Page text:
By Joshua Partlow and Jabeen Bhatti
Washington Post Foreign Service
Saturday, March 6, 2010; A09
MARJA, AFGHANISTAN -- The newly appointed top official in Marja, Abdul Zahir Aryan, is the Afghan face of the American-led military offensive. As the lone government representative in this town, he stands at the center of the next phase of the battle: the fight to build an Afghan government that is more attractive than Taliban rule.
But Zahir, who goes by Haji Zahir, arrived at this position after a tumultuous personal history that American and Afghan officials have not publicly disclosed. During more than a decade living in Germany, Zahir, 60, served four years in prison for attempted murder after stabbing his stepson, according to U.S. officials.
Three top U.S. officials in Afghanistan and one senior administration official in Washington confirmed his German conviction, though none would speak on the record. They did not say if the Afghan or U.S. government had known of his criminal conviction before Afghan officials appointed him to his post.
U.S. officials in Afghanistan said Zahir's criminal conviction did not undermine their confidence in his ability to govern.
"He served his time, so I suspect he will survive this," a U.S. military official said, adding though that the U.S. government had expressed concern to the Afghan government about this issue.
His criminal record casts a different light on Zahir than the one American officials have chosen to emphasize: that of a respected elder from the Alozai tribe, a landowner who lived in Marja in his youth and who hopes to re-create those peaceful days in areas recently wrested from Taliban control. U.S. Marines and civilian advisers in Marja have given him money and protection in an attempt to persuade a wary population to follow him.
"We want to ensure that Haji Zahir's face is on everything we do," said one official who works with him in Marja.
In interviews this week in Marja, Zahir spoke about the years he spent in exile living outside Frankfurt, sometimes unemployed, sometimes working in laundries and hotels. He chatted in German at length with a U.S. Marine who spoke the language.
He could not be reached subsequently to discuss his time in prison. But the details of his case as described by U.S. officials in Afghanistan correspond to that of an Afghan man who went by Abdul Zahar while in Germany.
The account of Zahar's life and trial in Germany, as related in newspaper articles and confirmed by German officials this week, including his defense attorney, Manfred Doering, described a man with a volatile family life and a willingness to flee from justice. He arrived in Germany in 1989 after working as a Ministry of Defense driver in Afghanistan. He settled in Rodgau with at least two wives and 13 children -- including twin 18-year-old stepsons.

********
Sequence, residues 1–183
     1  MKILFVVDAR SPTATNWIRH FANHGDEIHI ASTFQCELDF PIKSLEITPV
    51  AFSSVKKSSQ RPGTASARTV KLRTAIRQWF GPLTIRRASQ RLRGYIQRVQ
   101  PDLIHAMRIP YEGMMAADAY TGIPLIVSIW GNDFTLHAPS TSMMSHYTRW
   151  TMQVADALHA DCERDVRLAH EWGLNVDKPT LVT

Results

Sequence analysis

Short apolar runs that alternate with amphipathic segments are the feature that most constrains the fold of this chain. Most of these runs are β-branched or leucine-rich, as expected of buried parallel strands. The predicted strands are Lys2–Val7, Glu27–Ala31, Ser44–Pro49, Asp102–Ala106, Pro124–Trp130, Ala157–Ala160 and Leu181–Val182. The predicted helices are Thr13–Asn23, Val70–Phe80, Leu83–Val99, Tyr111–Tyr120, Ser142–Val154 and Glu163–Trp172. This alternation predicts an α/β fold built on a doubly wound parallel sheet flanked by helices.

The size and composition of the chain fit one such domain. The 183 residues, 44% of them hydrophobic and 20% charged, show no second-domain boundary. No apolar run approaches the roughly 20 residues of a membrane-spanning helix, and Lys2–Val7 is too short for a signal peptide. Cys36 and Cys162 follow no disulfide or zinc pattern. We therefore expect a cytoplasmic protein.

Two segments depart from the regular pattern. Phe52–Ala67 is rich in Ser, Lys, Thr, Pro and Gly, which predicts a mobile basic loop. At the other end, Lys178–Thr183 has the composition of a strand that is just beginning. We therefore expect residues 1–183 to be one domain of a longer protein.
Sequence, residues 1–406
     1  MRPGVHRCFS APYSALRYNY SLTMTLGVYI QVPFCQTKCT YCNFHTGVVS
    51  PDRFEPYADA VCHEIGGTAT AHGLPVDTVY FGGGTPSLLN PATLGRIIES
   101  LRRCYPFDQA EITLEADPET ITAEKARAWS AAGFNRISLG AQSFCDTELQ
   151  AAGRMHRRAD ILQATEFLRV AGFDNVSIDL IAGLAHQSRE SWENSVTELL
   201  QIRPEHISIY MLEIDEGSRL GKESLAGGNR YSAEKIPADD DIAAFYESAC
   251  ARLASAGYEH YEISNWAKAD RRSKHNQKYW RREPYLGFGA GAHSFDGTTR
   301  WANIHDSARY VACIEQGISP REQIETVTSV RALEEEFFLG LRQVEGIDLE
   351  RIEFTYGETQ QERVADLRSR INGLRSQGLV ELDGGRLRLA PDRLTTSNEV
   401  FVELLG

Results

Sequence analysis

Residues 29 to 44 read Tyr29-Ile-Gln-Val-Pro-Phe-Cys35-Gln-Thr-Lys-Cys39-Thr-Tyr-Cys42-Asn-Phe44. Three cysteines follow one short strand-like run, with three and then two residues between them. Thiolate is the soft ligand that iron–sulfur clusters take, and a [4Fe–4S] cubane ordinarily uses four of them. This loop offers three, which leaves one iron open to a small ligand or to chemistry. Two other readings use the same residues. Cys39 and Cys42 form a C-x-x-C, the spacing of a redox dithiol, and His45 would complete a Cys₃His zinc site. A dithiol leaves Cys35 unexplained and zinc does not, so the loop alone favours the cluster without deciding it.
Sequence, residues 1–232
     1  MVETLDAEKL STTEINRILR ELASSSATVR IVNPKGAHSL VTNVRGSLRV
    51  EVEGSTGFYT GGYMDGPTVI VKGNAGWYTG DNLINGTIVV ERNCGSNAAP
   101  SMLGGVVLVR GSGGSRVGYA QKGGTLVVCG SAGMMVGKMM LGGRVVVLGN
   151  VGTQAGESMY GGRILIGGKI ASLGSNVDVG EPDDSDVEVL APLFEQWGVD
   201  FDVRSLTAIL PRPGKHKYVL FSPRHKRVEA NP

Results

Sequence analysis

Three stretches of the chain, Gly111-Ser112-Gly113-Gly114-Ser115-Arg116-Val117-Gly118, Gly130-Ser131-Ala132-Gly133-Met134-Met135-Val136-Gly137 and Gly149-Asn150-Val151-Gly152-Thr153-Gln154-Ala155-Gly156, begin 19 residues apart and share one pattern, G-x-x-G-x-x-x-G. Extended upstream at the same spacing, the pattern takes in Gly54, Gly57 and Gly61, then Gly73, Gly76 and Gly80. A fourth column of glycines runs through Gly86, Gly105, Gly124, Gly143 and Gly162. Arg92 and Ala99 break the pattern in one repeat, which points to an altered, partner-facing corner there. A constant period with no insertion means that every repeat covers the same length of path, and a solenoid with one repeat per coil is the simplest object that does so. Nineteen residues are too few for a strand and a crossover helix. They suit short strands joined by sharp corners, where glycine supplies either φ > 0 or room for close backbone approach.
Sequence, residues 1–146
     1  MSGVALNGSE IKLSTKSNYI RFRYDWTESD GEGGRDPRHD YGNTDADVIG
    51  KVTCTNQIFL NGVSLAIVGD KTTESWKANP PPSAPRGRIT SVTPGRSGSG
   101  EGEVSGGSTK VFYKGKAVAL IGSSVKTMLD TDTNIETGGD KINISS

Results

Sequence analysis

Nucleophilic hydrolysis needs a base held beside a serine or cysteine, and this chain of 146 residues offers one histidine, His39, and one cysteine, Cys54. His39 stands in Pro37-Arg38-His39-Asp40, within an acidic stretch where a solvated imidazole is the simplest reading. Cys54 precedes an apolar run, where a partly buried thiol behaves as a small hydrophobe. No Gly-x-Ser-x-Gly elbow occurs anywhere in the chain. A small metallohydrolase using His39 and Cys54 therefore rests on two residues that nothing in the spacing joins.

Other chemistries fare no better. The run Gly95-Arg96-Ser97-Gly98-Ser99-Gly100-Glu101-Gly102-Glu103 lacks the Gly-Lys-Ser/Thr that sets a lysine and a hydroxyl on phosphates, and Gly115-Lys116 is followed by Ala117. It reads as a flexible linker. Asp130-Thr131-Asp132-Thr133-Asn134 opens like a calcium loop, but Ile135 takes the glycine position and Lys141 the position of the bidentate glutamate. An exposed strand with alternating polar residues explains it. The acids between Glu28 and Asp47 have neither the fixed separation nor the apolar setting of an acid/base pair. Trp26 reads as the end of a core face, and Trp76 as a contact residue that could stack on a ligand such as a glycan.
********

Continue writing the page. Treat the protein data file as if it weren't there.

On Dec. 15, 1997, after beating his wife and being taken to task by his stepson for it, Zahar went to the home of a stepdaughter and stabbed the stepson in the chest and an arm, wounds that required hospitalization.
Zahar fled to Holland and the Czech Republic and was later arrested at the German-Polish border near Goerlitz on Jan 7, 1998. At the trial, which began nine months later, Zahar took a plea bargain and was sentenced in November 1998 to four years and nine months in prison, according to German officials.
Zahir, the Marja official, was deported to Pakistan in 2003, according to U.S. officials in Afghanistan.
German officials said they could not confirm that Abdul Zahar is the same man who is now the top official in Marja.
"I have no knowledge or way of confirming that this is the same man," said Annette von Schmiedeberg, the spokeswoman for the Darmstadt prosecutors' office in Offenbach, near Frankfurt. Doering, who served as Zahar's attorney, said he had seen a photograph in the press of the new Marja official and expressed doubts it was his old client, although he said he could not be sure.
American officials could not confirm details of Zahir's case but said he served four years in prison for stabbing his stepson while living in Germany, before being deported to Pakistan.
His new role as the top official in Marja, however, is a more urgent priority than any concerns about his criminal record, according to U.S. military and civilian officials in Afghanistan.
A senior U.S. military official in southern Afghanistan said, "I don't think it is a big deal if the Afghan [government] is satisfied that he is the right guy. He is on the job now and already making a difference."
As the planning accelerated last fall in preparation for the military offensive, the governor of Helmand province, Gulab Mangal, selected Zahir to take over in Marja. He was considered a good choice because he owned land in Marja and elsewhere in Helmand, was a tribal elder and had worked in local government in the province.
Since Zahir has taken over, he has been thrust into a series of meetings with local elders, mullahs and residents. Maj. David Fennell, who leads the civil affairs team for one of the Marine battalions in Marja, said the local reaction to Zahir has been "definitely mixed."
"I think there's a respect there," he said. "But the people don't necessarily look at him as a local power broker."
Zahir said he hopes to have about 50 people eventually working in the Marja government, including representatives from the central ministries. His office has been approved for seven staff members -- including an administrative assistant, cook, maid, and driver, though for the moment he relies on U.S. and British civilian advisers, along with the Marines.
"I think things are going well. The people are happy," he said. "They have a new and honest government."
Bhatti, a special correspondent, reported from Berlin.